The planets Brandon Dyson
Mercury whizzes around the sun at 30 miles per second. The surface of mercury is very similar to our moon. Mercury is the closest planet to the sun and eighth largest, mercury is slightly smaller in diameter than the moons ganymede and titan but more than twice as massive!
Venus ď ľ
The clouds are so thick that little light even reaches the surface .The light that does reach the surface is converted to heat and can not escape the atmosphere making Venus the hottest planet at around 500 degrees Celsius. Venus is the brightest object in the sky besides our sun and moon.
Earth ď ľ
The terrestrial planet is a dense planet found in the inner Solar System. The diameter of Earth is 7,926 miles. The circumference measured around the equator is 24,901 miles. There are currently almost 7 billion people living on the Earth. About 30% of the Earth's surface is covered with land, while about 70% is covered by oceans.
Mars â€˘ If you weighed 70 pounds (32 kg) on the Earth, you would weigh about 27 pounds [12 kg] on mars. â€˘ Mars excites scientists because its mild temperament is more like the Earth's than any of the other planets. Evidence suggests that Mars once had rivers, streams, lakes, and even an ocean.
Jupiter ď ľ
If you traveled to Jupiter on vacation, you would be very
heavy. If you weigh 70 pounds (32 kg) on Earth, on Jupiter you would weigh 185 pounds (84 kg). This is because Jupiter is such a large planet and so has more gravity. ď ľ
Jupiter is by far the largest planet in our Solar System. The Earth could fit inside Jupiter more than 1000 times .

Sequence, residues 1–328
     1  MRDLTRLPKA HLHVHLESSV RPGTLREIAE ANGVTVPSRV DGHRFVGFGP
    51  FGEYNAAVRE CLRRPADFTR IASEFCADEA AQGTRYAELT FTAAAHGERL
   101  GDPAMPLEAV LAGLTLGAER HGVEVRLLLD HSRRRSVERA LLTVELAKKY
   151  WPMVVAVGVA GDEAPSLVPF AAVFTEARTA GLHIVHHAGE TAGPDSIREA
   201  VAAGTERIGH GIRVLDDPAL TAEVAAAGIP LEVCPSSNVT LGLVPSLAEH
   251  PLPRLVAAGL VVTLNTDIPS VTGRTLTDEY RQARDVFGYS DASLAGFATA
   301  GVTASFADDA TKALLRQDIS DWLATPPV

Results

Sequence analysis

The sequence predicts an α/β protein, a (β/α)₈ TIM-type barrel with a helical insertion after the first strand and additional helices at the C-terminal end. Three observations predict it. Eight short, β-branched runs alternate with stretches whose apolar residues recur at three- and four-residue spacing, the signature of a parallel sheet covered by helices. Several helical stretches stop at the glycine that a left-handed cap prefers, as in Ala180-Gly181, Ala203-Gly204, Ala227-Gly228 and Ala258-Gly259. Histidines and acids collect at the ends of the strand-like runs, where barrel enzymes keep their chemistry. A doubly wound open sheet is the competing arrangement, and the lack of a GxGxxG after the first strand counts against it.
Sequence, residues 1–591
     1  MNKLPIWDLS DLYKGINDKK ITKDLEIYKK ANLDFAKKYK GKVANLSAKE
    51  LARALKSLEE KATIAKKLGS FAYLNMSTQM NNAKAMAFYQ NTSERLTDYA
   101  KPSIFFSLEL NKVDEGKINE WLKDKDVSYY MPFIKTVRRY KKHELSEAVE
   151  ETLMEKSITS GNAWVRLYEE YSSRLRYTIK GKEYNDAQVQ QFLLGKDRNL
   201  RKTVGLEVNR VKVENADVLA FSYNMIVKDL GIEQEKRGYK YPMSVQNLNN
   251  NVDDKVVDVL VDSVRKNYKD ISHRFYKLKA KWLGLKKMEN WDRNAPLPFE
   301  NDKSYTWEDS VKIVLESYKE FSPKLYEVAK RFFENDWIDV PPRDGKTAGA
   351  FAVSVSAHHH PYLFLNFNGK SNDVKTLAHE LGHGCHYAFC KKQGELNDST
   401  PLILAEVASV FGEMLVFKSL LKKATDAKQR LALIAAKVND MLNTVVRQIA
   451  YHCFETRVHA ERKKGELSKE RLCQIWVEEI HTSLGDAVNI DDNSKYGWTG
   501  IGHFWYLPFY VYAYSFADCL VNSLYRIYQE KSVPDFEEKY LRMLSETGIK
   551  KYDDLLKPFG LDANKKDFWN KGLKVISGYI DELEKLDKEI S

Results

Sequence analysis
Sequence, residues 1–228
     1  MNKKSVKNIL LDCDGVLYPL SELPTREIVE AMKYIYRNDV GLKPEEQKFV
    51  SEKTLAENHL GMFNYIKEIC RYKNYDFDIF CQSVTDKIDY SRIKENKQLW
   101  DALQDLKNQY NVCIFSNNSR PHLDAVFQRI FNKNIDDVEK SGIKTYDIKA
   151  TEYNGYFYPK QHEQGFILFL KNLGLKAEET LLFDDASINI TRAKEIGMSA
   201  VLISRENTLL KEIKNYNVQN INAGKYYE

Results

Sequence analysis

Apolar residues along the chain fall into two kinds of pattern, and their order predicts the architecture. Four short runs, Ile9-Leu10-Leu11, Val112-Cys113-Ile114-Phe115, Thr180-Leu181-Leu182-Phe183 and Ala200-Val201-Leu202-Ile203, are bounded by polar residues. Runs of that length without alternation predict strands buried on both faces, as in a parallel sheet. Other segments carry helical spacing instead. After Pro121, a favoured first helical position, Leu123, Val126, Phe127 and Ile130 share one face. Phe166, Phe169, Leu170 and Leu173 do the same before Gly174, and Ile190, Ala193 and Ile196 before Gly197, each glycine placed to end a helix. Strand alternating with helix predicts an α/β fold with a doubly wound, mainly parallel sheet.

Saturn ď ľ
Because Saturn is bigger than the Earth, you would weigh more on Saturn than you do here. If you weigh 70 (32 kg) pounds on Earth, you would weigh 74.5 pounds (34 kg) on Saturn. Probably not as much as you thought, right? Keep reading to find out why.
Saturn is most well-known for its rings. However, it is not the only planet with rings. Jupiter, Uranus and Neptune also have rings. Saturn is a favorite object for many observers. Its beautiful rings are 169,800 miles wide (approx 273,266 km). But the rings are amazingly thin. If you turned the rings on their side, they would be able to fit between the goal posts on a football field. The rings are split into categories, Ring A, Ring B, Ring C, Ring D, Ring E, Ring F and Ring G, totaling 7 in all. The rings are not solid but rather are made up of particles of ice, dust and rocks. The rings are held in place around Saturn by the moons that also orbit this large planet. The gravity of these moons also cause the gaps that are seen in between the rings.
Uranus ď ľ
Like Jupiter and Saturn, Uranus is a gas giant. But Uranus is a little different. Unlike all the other planets and most of the moons in our Solar System, Uranus spins on its side. It is believed that long ago a very large object smashed into this planet. The crash was so powerful that it completely changed the direction of Uranus' planetary rotation. However, a more recent theory is that the extreme tilt of Uranus' axis may have been caused by a large moon that was slowly pulled away from the planet by another large planet long ago when our Solar System was still new. It is thought that the gravitational pull of this moon moving away from Uranus may have caused it to tilt on its side.
Neptune ď ľ
For many, centuries people did not know that this planet even existed. It was discovered by Johann Galle and Heinrich D'Arrest in 1846.
When Voyager 2 visited Neptune, its pictures showed a giant storm much like the storm on Jupiter. This storm is called the "Great Dark Spot" because it appears as a dark oval shape on the surface of the planet. We do not know how long this storm has been active or if it is still present. More recently, the Hubble Space Telescope sent pictures back to Earth and there was no sign of the Great Dark Spot. These pictures did show two other dark spots that eventually faded away.
Pluto ď ľ
Pluto was the only planet to
be named by a kid. After the planet was discovered in 1930, an 11-year-old girl who lived in Oxford, England, by the name of Venetia Burney, suggested that this new planet needed to be named after the Roman god of the underworld. Venetia's grandfather sent this suggestion to the Lowell Observatory and the name was accepted.